As Coptic Christians celebrate Christmas on Tuesday, Egyptian President Abdul Fattah el-Sisi commemorated the ties between the Christian minority and Muslims in the Muslim-majority country, saying it has protected them from sectarian strife experienced by its neighbors.
President el-Sisi, who is a practicing Muslim, appeared at the Coptic Christmas Eve Mass on Monday in the nation's largest church, Nativity of the Christ Cathedral. Last year, Coptic Christians celebrated the opening of the cathedral as a "gift" from el-Sisi in the new administrative capital east of Cairo, which he declared as a "message of peace and love to the world."
“God saw fit for us to live in difficult circumstances," he told churchgoers after being welcomed by Coptic Pope Tawadros II. "But as long as we're together ... no one can do anything to us."
Last year, President Trump celebrated el-Sisi's actions as "moving his country to a more inclusive future."
Coptic Christians, one of the oldest Christian communities in the world, make up roughly 10 percent of Egypt’s population. The minority faith faces restrictions in inter-religious marriages and church buildings, and is banned from proselytizing to Muslims.
Coptic Christians have been the target of several attacks since the country began battling an Islamic insurgency in the 1990s, which has continued in the aftermath of the army's overthrow of an elected but divisive Islamist president in 2013 and under el-Sisi.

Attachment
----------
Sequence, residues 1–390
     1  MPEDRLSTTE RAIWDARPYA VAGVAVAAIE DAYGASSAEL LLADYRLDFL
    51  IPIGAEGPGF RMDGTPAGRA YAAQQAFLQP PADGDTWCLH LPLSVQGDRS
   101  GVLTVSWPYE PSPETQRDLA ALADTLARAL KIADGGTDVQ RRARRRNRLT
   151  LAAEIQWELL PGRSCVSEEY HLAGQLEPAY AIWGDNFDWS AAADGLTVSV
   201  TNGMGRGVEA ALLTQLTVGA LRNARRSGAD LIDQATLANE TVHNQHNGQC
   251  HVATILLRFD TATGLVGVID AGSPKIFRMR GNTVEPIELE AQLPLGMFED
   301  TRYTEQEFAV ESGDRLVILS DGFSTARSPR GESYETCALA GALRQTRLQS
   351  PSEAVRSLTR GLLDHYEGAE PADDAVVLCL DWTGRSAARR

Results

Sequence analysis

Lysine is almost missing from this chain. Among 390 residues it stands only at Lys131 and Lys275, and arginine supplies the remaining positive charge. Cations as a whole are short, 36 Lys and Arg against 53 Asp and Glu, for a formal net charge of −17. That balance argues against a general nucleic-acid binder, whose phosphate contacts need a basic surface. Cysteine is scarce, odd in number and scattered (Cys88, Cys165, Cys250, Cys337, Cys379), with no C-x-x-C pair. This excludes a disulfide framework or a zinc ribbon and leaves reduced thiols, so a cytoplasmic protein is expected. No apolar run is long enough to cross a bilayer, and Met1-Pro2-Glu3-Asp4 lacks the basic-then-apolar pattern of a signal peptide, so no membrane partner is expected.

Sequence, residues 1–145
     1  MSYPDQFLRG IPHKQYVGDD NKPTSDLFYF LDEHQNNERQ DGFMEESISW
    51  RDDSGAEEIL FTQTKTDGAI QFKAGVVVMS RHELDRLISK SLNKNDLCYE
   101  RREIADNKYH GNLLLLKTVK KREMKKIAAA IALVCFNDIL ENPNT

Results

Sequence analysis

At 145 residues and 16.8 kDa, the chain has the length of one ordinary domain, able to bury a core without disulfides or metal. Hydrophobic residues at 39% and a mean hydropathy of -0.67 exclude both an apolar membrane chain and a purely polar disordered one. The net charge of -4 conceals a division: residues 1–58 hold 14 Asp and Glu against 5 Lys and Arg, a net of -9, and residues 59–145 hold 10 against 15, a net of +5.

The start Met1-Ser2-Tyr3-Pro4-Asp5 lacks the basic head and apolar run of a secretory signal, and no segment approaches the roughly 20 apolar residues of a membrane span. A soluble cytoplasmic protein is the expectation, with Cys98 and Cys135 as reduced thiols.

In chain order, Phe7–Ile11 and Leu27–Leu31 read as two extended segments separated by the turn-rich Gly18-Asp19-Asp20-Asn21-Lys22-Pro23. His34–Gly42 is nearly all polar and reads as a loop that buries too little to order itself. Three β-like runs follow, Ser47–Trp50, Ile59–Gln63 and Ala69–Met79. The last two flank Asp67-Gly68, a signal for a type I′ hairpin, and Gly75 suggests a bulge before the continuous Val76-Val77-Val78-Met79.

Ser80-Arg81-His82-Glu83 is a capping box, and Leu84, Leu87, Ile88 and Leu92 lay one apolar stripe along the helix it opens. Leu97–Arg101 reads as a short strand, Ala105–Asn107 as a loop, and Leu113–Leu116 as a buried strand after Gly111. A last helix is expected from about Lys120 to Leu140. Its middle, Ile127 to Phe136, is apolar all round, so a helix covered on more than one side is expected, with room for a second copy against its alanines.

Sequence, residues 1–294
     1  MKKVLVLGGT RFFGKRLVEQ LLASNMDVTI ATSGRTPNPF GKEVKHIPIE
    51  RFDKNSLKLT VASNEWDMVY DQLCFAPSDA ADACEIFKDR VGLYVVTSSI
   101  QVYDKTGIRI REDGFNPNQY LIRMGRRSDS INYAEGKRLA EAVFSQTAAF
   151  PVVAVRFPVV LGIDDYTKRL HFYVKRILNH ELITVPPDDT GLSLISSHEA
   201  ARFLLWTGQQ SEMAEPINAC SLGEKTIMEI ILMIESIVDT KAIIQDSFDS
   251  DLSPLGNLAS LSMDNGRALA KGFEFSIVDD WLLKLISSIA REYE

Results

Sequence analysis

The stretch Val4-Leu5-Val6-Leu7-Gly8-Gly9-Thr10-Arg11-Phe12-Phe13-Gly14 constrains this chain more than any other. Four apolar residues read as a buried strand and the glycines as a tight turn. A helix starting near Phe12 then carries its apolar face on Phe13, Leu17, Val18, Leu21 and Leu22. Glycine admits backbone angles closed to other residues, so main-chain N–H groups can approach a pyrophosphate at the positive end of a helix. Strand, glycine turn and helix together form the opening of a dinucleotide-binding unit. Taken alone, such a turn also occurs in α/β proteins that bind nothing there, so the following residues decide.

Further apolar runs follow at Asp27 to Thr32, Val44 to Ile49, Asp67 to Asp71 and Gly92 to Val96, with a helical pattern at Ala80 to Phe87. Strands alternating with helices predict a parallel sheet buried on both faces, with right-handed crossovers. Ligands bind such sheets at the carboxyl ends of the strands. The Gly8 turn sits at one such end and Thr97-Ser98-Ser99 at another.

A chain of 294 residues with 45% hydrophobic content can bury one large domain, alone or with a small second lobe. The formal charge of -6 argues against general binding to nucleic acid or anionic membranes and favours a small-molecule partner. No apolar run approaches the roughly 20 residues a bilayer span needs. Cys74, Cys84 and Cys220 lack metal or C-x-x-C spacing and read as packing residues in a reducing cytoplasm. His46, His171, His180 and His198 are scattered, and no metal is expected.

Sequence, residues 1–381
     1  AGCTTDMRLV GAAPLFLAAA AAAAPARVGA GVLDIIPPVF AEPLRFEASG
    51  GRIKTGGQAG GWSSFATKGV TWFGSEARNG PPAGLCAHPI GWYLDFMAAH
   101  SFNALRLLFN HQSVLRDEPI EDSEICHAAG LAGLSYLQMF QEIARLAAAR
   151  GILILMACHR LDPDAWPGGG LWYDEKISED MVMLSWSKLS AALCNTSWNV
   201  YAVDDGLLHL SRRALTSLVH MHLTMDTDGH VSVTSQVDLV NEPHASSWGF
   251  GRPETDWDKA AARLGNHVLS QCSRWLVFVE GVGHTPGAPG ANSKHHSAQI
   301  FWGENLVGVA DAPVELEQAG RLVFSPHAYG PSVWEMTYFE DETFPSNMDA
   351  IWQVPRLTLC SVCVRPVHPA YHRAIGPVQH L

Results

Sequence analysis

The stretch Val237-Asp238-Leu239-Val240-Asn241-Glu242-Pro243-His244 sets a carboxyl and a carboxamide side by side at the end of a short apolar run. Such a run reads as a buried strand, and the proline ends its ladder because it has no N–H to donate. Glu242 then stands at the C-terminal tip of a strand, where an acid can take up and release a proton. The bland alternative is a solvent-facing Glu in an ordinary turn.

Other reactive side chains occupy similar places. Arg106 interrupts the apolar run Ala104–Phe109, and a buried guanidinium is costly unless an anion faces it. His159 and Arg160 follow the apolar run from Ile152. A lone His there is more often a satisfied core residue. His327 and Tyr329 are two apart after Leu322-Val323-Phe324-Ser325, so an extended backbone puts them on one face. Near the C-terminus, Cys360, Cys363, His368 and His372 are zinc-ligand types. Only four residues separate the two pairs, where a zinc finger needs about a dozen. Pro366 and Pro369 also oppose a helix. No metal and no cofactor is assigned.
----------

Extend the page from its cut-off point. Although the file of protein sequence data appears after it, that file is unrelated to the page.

In Dec. 2016, an ISIS suicide bomber killed 30 people at Cairo's Coptic Cathedral, and the Islamic terror group pledged more attacks on the Christian minority, which it sees as an ally of the West in a war against Islam. Then in April 2017, ISIS killed 45 people using suicide bombers at Coptic churches in two cities on Palm Sunday.
The country's leader said Egypt narrowly avoided a civil war and more violence due to his government's policies and the military's defense against Islamist insurgencies in the Sinai peninsula.
The government has arrested several thousand in a broad and far-reaching crackdown against dissent, many of whom remain in detention.
The Associated Press contributed to this report.